Oliver Hirschbiegel takes the time to develop every character in detail. While Hitler is the centerpiece, the lives of the people around him are brilliantly explored. It adds such a layer of context to see how everyone else reacted to their imminent doom. Some were petrified, aware of what was coming and resigned to their fate, while others supported the regime to the last drop of blood. These people are the most startling to watch. Downfall pays particular attention to Hitler's mistress, Eva Braun (the amazing Juliane Kohler), and his most stalwart followers, Joseph Goebbles (Ulrich Mathes) and his wife Magda Goebbles (Corinna Harfouch). Goebbles, Hitler's propaganda minister, was an ardent supporter and true believer in Nazi Socialism. The acts committed by him and his wife in the film are unbelievable. It's beyond comprehension, but shows how deeply affected these people were. They were willing to sacrifice everything for their sadistic ideals.

The ultimate success of Downfall rests on the shoulders of Bruno Ganz, the actor that portrays Hitler. His performance will resonate for years to come. I can't think of enough adjectives to convey how good he is. Hitler is a remarkably complex person. He is a father figure to the women in his life, an uncompromising tyrant to his people, a deity to his supporters, and a frail, sickly old man all at once. Ganz rants and raves against the ineptitude of his soldiers, then politely congratulates Magda Goebbles for making an excellent vegetarian dinner. It is an all-encompassing performance that explores every facet of Hitler's personality. He snaps, and in an instant, any warmth that existed in his eyes turns venomous. Ganz is the lynchpin of Downfall. He will have his naysayers and be scrutinized for giving Hitler any positive traits, but it's vitally important to have any depth of realism for the character. Ganz is Oscar worthy for this role.

The production design and filmmaking is meticulously done. Hirschbiegel shoots the Wolf's Nest as a suffocating lair of confined tunnels and rooms. They're living in a bunker and he makes no illusions of how cramped it is. Everything is dirty and drab, with flickering lights and the constant barrage of artillery. He also takes great pains to show us Berlin getting demolished. As every minute goes by, the city and its people are further devastated. Hitler did not see Germany existing after his death. He wanted it to die with him and Hirschbiegel uses this nihilistic egomania as an undercurrent to the film. For all of his boasting about the greatness of Germany, Hitler saw no use for it beyond his life. His ego was such that he saw his downfall and Germany's destruction as the same thing.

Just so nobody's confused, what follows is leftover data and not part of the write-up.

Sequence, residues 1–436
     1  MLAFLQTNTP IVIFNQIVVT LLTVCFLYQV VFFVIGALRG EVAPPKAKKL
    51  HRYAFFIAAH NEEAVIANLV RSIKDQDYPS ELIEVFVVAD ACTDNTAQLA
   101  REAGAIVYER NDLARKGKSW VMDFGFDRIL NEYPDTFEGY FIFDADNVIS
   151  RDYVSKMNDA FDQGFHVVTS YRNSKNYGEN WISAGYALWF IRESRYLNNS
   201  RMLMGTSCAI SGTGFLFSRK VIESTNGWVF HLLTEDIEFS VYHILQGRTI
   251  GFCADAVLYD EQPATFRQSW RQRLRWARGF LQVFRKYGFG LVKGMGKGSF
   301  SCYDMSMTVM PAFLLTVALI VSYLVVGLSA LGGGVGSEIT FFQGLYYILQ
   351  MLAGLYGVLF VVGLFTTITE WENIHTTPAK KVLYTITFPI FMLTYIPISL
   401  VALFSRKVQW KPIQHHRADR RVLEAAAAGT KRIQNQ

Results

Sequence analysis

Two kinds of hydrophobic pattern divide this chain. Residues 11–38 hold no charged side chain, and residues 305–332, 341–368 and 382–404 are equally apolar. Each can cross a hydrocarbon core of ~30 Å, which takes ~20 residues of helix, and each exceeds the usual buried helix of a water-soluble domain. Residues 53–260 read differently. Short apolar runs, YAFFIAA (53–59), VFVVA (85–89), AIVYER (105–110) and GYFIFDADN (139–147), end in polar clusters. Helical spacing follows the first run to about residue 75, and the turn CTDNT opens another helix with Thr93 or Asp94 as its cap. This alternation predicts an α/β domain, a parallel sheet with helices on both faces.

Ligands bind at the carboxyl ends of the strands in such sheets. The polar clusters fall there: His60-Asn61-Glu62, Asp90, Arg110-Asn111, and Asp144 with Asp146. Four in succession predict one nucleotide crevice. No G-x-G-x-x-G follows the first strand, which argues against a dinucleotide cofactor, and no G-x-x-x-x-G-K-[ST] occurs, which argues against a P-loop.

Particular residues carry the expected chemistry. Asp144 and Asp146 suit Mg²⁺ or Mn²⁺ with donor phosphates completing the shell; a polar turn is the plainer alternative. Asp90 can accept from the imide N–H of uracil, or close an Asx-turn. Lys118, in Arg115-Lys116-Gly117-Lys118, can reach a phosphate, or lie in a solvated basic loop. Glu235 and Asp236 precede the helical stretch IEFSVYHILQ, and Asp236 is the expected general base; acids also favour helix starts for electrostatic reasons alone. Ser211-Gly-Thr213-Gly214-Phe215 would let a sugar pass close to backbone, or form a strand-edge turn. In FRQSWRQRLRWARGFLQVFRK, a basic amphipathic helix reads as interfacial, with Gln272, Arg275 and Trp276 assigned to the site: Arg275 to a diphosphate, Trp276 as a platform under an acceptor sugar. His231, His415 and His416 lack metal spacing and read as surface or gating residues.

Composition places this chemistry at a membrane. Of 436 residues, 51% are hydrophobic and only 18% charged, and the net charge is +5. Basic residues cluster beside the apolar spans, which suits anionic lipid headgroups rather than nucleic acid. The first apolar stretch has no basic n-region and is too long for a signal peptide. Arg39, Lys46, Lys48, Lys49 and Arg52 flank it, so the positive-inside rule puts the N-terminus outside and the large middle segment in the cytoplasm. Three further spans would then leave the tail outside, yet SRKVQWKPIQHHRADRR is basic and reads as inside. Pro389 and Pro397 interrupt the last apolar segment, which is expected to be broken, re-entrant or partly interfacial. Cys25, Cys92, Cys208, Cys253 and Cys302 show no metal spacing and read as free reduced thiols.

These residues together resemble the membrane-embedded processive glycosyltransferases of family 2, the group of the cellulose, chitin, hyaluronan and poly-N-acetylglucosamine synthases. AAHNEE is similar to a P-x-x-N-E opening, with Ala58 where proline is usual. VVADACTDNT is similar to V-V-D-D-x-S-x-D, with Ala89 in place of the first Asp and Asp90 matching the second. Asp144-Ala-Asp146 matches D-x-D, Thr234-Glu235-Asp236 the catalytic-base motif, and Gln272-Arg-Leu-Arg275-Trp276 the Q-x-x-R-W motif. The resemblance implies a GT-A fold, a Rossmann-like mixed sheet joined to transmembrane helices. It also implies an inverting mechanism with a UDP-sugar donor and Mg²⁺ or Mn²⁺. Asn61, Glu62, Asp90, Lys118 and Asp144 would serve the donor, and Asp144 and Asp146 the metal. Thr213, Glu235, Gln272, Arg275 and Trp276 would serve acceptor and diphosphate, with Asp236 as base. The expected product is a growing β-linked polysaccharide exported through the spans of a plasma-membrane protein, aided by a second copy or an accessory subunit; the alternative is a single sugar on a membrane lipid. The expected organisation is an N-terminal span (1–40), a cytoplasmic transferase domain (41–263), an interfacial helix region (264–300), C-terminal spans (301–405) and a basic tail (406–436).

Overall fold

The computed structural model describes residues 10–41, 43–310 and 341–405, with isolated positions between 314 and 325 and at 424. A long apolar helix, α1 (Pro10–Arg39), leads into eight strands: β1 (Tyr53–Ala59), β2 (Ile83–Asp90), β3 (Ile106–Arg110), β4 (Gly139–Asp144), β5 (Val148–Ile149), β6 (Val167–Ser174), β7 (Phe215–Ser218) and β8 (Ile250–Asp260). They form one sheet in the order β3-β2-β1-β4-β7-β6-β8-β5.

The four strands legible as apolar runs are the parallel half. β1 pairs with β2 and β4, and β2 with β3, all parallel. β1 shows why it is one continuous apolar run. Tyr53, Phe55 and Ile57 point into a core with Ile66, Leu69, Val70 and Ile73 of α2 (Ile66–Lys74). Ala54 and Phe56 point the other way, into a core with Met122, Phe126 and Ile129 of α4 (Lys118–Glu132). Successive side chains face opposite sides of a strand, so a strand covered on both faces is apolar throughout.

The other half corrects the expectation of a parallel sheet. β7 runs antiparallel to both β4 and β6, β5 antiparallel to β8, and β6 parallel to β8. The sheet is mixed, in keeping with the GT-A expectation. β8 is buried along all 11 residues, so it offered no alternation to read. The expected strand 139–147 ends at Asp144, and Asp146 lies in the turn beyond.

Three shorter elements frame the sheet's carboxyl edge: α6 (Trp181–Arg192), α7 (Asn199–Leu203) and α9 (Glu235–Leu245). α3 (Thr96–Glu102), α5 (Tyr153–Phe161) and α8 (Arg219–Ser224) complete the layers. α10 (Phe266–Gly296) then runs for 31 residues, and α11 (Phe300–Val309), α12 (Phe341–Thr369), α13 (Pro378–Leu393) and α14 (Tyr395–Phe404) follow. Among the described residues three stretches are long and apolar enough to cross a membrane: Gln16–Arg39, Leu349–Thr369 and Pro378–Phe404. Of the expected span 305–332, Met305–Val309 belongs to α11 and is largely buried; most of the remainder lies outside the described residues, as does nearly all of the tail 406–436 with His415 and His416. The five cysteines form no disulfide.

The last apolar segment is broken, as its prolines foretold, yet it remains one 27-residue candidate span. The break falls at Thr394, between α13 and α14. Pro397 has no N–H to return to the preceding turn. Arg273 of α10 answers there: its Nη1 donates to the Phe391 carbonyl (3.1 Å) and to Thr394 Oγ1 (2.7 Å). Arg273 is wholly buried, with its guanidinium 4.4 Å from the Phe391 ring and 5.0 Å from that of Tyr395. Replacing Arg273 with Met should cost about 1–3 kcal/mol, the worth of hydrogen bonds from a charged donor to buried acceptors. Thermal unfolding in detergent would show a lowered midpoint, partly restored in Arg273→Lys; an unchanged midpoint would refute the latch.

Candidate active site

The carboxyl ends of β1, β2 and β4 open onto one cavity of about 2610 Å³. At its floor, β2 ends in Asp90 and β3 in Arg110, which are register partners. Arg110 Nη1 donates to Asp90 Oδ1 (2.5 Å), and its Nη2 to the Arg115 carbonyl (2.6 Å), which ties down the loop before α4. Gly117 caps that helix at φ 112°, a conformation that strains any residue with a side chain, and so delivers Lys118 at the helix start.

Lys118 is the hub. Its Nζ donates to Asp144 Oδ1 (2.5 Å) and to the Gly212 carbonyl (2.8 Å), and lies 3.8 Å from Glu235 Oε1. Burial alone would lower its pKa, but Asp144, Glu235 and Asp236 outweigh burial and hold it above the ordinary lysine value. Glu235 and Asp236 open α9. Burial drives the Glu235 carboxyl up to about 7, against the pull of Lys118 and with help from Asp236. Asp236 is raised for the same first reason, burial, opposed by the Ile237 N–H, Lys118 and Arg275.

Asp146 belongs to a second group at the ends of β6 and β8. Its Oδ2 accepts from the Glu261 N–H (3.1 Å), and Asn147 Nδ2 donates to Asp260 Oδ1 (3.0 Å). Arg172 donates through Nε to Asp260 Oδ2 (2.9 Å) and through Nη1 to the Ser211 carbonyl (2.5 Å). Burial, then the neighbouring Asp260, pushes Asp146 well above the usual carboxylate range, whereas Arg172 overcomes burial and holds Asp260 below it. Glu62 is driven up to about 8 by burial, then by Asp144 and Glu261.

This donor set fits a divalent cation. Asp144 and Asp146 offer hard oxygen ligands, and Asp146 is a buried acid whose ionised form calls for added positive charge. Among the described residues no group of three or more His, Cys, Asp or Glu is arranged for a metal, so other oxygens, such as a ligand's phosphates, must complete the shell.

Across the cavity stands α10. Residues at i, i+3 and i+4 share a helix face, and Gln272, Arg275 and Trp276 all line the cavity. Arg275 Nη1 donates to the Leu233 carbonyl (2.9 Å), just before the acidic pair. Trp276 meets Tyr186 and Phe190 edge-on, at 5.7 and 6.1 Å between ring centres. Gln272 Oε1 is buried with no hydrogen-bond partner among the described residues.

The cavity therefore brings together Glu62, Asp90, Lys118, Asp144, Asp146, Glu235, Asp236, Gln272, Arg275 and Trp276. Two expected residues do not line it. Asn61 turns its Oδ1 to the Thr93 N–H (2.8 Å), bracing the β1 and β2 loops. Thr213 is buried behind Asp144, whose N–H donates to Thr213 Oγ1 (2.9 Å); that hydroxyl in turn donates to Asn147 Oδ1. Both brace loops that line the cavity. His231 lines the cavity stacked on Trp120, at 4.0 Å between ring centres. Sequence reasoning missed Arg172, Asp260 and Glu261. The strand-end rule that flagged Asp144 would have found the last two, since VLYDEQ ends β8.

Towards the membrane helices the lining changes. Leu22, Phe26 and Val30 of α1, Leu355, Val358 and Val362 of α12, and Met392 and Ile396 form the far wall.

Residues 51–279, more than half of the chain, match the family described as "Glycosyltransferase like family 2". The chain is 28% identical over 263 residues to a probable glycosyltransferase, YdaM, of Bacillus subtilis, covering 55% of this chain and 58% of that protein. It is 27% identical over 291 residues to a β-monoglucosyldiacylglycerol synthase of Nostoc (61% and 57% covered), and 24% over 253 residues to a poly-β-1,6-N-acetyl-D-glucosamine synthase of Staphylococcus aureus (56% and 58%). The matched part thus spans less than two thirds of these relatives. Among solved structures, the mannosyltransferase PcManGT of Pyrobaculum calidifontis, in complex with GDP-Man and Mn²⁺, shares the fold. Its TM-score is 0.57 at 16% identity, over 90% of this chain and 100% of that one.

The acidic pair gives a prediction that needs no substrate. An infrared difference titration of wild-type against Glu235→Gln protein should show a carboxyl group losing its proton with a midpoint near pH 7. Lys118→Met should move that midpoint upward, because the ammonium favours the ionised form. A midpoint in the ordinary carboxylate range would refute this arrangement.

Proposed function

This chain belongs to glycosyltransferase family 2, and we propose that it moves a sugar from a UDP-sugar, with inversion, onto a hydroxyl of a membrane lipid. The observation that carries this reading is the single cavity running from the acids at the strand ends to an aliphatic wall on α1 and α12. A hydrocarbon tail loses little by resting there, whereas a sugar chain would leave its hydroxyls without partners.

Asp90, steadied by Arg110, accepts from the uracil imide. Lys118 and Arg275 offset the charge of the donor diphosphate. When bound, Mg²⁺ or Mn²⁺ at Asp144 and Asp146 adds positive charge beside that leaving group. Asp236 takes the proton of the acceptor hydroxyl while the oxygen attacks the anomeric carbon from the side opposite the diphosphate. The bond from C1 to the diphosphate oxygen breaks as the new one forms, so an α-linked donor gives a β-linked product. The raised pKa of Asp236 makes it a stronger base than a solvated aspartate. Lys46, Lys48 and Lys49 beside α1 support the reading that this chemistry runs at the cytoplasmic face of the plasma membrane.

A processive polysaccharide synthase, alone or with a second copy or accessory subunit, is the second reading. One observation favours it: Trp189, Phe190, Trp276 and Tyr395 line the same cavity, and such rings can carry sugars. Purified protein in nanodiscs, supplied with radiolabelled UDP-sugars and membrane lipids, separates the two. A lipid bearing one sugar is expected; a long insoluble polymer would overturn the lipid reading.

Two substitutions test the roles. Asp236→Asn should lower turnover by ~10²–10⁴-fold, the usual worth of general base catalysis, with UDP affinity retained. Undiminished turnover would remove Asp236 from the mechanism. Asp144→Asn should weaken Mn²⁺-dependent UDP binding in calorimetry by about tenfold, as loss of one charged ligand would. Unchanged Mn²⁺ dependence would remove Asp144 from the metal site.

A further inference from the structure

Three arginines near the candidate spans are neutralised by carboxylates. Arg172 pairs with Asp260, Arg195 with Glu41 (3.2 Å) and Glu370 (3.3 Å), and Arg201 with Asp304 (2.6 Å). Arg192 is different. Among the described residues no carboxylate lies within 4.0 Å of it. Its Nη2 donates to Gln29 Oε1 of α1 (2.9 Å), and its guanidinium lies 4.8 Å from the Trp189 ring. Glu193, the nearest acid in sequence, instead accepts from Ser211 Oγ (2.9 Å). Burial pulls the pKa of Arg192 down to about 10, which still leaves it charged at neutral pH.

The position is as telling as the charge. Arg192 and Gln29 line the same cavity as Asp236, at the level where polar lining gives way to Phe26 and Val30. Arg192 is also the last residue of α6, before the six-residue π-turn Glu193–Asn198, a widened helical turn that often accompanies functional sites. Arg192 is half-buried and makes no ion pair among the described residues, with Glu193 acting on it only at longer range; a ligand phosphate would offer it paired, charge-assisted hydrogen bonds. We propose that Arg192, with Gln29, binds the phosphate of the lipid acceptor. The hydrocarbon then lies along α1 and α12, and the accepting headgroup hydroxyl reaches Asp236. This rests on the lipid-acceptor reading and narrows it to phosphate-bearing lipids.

I believe that Downfall should be watched by everyone for historical purposes. While the film works on every cinematic level, the message it conveys and times it depicts are not common knowledge. It's important to see how a German, especially one so close to Hitler, viewed the events of World War Two. There is nothing in this film that promotes Nazi Socialism or forgives the Germans in any way. A lot of people have criticized the film without seeing it, because they believe it portrays Hitler in a positive light. It categorically does not. I would never recommend any film that had such reprehensible intentions. Downfall tells a real story of situations not usually explored on film. It should be commended for the boldness of its approach and literal depiction of a genocide's instigator.